- The Washington Times - Tuesday, December 10, 2002

ATLANTA
The American Society for the Prevention of Cruelty to Animals is urging holiday travelers to think twice before loading the family pet onto a plane.
The ASPCA estimates that 5,000 animals are injured, killed or lost each year by airlines. The airlines dispute that figure, although they can't give a different number because no one keeps such records. That could be changing.
In September, the Federal Aviation Administration issued proposed regulations that would require passenger airlines to track incidents involving family pets or any animal transported to be sold as a family pet. The rules stemmed from legislation signed by President Clinton in April 2000 that would require airlines to issue monthly reports on incidents involving animals and to train baggage handlers to transport animals safely.
The FAA is accepting comments on the plan through Dec. 27 and already is meeting resistance.
"We aren't opposed to reporting, but we're trying to keep it reasonable," said Diana Cronan, spokeswoman for the Air Transport Association of America, the national trade organization for the principal U.S. airlines.
Miss Cronan said airlines can't be expected to count every guppy in a shipment of thousands or every mouse destined for research or a pet store. But animal rights groups say the airlines for years have treated pets like pieces of luggage. If an animal dies or is injured, the owner cannot receive more than $2,500 in compensation, the maximum allowed for a lost bag. No statistics on the number of injured, lost or killed animals are available because they are reported as lost luggage.
Lisa Weisberg with the ASPCA said stories of pets dying of heat exhaustion or freezing to death in the cargo holds of planes are common. Animals are shipped in the same area as luggage, although usually partitioned off from other items. The cargo holds are pressurized and usually receive some warmth at high elevations from air flowing from the cabins and from engine heat, but often not at comfortable levels. Problems arise if a plane is kept on the ground for long periods of time with no air circulation.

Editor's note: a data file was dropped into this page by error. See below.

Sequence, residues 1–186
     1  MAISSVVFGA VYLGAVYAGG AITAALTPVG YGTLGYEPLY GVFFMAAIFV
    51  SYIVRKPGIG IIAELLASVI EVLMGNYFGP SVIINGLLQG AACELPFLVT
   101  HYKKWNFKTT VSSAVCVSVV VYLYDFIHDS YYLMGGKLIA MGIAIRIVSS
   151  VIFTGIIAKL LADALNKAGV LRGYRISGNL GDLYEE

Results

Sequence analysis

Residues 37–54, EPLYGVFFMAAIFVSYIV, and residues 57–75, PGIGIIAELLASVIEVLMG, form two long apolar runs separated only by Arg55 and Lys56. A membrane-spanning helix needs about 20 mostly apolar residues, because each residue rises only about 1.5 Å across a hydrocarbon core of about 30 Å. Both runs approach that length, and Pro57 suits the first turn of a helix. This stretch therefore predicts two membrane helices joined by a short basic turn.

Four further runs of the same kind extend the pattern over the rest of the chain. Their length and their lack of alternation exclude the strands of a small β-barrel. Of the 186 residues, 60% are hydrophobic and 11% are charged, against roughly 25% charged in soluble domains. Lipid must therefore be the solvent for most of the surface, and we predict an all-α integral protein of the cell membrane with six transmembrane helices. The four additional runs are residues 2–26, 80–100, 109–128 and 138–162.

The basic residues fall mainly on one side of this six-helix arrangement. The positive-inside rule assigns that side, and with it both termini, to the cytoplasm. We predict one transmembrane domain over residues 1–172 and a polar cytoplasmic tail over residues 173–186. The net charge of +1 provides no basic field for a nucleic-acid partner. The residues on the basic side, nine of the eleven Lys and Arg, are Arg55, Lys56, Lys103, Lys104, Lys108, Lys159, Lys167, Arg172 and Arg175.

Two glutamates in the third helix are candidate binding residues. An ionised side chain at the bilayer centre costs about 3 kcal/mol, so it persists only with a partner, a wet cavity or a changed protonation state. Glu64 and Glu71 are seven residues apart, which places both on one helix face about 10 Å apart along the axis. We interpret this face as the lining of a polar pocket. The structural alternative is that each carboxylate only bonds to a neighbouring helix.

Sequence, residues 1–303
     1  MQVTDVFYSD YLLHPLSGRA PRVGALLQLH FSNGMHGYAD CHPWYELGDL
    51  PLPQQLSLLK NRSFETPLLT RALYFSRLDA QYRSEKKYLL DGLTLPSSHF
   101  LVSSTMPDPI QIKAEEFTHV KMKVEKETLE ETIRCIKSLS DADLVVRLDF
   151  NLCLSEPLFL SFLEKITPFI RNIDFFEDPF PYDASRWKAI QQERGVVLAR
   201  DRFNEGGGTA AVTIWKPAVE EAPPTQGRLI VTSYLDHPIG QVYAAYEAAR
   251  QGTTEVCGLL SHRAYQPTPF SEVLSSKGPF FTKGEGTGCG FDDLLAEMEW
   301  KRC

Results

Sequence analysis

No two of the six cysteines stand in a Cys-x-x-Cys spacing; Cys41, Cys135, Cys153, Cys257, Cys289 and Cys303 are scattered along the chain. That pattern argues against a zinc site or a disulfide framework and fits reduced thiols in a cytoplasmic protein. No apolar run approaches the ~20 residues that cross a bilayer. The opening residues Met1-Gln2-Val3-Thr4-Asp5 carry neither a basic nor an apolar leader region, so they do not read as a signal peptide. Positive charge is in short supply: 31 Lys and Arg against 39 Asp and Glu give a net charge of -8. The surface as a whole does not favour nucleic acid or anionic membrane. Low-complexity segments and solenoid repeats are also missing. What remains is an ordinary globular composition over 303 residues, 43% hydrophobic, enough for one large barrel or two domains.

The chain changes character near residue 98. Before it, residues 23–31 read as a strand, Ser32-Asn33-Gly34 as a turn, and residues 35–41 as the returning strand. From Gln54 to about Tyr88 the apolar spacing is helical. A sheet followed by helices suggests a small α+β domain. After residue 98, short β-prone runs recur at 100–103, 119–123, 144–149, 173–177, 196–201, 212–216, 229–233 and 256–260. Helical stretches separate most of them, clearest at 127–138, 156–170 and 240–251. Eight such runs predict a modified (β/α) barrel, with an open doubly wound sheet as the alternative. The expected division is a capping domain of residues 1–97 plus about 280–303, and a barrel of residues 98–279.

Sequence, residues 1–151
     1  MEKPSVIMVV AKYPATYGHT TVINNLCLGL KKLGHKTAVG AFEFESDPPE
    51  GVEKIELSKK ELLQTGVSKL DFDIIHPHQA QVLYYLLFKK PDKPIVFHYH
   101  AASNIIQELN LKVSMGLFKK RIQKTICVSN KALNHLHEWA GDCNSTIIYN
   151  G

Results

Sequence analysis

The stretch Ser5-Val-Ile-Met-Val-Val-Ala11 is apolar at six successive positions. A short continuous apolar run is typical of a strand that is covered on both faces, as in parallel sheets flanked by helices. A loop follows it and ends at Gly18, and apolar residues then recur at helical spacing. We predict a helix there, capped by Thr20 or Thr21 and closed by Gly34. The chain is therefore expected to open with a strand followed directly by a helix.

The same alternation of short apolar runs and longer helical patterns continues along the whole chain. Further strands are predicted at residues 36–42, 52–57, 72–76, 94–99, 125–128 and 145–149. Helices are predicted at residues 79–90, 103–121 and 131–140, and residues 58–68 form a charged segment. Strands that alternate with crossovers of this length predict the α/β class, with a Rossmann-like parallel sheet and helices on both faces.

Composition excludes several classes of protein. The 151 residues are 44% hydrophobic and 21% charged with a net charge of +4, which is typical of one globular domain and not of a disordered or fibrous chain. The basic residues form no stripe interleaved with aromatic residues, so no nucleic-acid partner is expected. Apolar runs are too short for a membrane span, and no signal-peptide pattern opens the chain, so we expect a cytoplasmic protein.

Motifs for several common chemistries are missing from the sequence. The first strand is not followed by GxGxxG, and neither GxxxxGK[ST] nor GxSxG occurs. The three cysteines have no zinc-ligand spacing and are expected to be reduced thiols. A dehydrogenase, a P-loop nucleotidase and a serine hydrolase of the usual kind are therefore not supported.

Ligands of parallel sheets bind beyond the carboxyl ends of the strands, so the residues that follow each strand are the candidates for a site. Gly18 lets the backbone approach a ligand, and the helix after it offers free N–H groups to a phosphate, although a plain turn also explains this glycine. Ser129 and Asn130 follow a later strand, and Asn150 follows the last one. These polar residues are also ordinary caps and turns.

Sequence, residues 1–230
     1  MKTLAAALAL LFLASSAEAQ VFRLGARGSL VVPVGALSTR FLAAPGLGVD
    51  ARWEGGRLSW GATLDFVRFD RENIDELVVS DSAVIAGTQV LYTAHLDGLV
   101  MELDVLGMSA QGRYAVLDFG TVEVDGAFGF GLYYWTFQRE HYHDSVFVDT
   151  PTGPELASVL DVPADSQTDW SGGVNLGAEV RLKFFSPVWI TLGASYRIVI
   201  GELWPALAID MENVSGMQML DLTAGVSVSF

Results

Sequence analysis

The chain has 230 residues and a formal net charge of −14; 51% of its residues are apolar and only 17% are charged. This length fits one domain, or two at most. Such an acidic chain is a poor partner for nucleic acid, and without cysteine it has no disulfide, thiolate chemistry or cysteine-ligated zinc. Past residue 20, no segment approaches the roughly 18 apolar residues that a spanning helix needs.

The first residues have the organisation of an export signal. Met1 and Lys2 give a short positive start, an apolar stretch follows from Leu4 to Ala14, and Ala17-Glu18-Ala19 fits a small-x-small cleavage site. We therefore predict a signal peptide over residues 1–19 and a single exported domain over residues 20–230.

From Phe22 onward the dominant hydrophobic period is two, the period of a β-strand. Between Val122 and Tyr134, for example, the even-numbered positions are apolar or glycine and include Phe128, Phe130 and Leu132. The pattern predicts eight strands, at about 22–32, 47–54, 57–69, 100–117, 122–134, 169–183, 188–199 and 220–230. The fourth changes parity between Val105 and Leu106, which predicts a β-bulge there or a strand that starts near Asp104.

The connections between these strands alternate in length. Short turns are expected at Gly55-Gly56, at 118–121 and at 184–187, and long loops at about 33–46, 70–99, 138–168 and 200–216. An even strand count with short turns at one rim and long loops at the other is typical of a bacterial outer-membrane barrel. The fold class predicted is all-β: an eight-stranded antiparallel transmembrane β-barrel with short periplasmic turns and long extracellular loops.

"Right now, there's really nothing that motivates the airlines to make any improvements," Miss Weisberg said. "You're really playing Russian roulette with your pet."
A California man is so concerned with the problem that he is trying to introduce an airline for animals. Rick Roof would use small jets that could hold up to six persons and 12 animals. He is awaiting FAA certification for Pet Air and hopes to have his first flight next year.
"I've been amazed at the emotion and passion the idea has generated," he said.
Some airlines started changing their policies voluntarily soon after Mr. Clinton signed the Safe Air Travel for Animals Act. Many airlines ban pets in the cargo holds during the hot summer months or during cold snaps, some won't accept animals at all and others require long-term reservations and higher fees to take along four-footed family members.
Jean DeWolfe, a breeder of cocker spaniels from Nova Scotia, said she has been shipping 15 to 25 dogs a year for 20 years and has had only one dog injured. "The crate fell off a conveyor belt," she said.
She also has had several dogs miss connections or be forgotten in cargo holds.

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